If one fan cannot generate enough pressure or enough air flow, think about a push-
These are the experts who helped me:
- The ventilation equipment (fan, ducts etc.) was obtained from Anson AG in Zürich. They competently assisted in planning and dimensioning the ventilation and helped choosing the right fan.
- The window motor was purchased from Windowdrives in Germany. They have an excellent phone consulting service, a wide selection of window motors, and ship to all European countries.
The wall openings were drilled professionally by mason Michael Brugger (Flex-
The next step in making the dehumidification even more energy-
Two small things could be improved about the controller hardware if I built it again:
- The user control buttons exhibit rather long contact bounce. This is dealt with in software at the expense of being not so snappy. It may be good to add hardware debouncing for the buttons.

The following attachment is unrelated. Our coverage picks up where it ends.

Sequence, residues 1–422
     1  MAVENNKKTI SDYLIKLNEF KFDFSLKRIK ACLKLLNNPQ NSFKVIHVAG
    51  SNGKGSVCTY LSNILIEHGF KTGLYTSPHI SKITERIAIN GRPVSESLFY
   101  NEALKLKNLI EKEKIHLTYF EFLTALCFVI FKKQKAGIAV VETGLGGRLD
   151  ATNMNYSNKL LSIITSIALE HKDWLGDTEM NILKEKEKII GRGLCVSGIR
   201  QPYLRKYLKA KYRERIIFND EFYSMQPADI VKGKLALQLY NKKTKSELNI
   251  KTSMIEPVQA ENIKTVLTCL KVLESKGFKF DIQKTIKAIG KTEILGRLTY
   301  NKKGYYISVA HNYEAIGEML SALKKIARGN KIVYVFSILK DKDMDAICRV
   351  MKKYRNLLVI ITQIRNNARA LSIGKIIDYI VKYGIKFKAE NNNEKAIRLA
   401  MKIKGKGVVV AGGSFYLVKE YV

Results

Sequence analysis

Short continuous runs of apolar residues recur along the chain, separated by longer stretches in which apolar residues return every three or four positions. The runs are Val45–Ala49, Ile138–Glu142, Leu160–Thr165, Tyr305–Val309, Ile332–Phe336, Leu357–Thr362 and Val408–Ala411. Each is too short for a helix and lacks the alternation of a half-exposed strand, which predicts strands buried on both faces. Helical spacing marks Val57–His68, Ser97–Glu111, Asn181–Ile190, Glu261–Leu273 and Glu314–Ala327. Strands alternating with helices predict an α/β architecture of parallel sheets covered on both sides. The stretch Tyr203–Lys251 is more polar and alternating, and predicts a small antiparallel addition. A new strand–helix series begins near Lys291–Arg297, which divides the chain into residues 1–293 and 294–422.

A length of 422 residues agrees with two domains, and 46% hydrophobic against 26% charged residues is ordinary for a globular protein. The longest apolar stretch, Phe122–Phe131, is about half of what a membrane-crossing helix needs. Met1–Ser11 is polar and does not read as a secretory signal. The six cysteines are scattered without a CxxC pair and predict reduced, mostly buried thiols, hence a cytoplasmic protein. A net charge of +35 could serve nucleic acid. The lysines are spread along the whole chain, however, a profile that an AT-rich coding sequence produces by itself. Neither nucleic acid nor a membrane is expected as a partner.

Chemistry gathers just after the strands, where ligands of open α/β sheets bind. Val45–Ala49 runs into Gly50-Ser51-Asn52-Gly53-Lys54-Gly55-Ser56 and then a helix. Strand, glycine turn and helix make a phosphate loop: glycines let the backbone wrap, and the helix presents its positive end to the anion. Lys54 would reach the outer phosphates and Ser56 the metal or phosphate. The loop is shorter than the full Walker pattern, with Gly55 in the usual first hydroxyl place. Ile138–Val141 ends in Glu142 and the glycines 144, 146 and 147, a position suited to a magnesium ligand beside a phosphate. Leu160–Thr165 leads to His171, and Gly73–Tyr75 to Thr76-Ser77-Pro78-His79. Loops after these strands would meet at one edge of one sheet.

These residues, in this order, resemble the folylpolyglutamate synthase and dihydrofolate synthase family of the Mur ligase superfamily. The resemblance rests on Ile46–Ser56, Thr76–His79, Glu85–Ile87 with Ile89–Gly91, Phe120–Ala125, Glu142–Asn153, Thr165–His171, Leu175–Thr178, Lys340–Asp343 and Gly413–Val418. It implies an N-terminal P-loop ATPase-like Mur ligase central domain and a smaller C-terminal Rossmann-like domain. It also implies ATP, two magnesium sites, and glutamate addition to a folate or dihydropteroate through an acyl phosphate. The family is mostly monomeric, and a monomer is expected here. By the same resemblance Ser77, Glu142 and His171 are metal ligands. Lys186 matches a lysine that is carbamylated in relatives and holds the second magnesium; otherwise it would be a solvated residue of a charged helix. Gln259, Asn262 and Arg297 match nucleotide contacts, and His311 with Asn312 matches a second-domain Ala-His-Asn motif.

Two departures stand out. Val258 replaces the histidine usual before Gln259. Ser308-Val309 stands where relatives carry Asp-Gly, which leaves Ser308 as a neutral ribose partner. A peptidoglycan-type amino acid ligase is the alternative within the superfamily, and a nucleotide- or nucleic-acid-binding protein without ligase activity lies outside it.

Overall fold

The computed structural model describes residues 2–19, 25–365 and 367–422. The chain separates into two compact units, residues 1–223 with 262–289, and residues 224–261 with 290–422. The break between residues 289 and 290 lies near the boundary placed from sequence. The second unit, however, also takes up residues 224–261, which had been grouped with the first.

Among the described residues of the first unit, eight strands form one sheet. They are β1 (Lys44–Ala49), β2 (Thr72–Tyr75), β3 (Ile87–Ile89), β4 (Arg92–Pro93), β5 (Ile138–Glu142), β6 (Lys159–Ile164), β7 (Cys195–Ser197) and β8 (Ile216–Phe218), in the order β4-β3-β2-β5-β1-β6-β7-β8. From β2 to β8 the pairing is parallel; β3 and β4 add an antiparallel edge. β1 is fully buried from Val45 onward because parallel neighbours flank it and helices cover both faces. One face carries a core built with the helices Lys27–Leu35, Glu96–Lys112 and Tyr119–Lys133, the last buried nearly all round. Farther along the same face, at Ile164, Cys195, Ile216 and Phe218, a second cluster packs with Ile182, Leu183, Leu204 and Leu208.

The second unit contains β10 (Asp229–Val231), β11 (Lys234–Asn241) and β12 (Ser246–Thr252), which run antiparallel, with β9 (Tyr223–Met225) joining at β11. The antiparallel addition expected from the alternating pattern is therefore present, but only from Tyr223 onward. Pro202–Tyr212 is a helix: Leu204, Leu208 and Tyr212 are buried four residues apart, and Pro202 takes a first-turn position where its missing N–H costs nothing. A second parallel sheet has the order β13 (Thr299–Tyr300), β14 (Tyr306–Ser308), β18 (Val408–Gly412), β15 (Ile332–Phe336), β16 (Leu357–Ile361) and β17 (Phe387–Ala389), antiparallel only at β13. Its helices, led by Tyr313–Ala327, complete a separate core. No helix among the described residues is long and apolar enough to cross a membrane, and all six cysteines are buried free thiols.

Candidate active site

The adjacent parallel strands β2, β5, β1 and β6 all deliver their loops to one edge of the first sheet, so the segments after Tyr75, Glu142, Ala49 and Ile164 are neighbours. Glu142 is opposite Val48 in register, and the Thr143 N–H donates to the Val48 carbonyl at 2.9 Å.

When the controller is switched on, the switching power supply fills its capacitors nearly instantly with high current. Due to nuisance blows, I had to replace the fuse that I had dimensioned for normal operation (40 mA slow-
acting) by one with a much higher rated current (160 mA slow- acting) than necessary during continuous operation. If the switch- on current was restricted, one could opt for the safest version and could have a fast- acting fuse with low rated current.
Specific tips for setting up the software components on a Raspberry Pi with Arch Linux are written down on a separate page.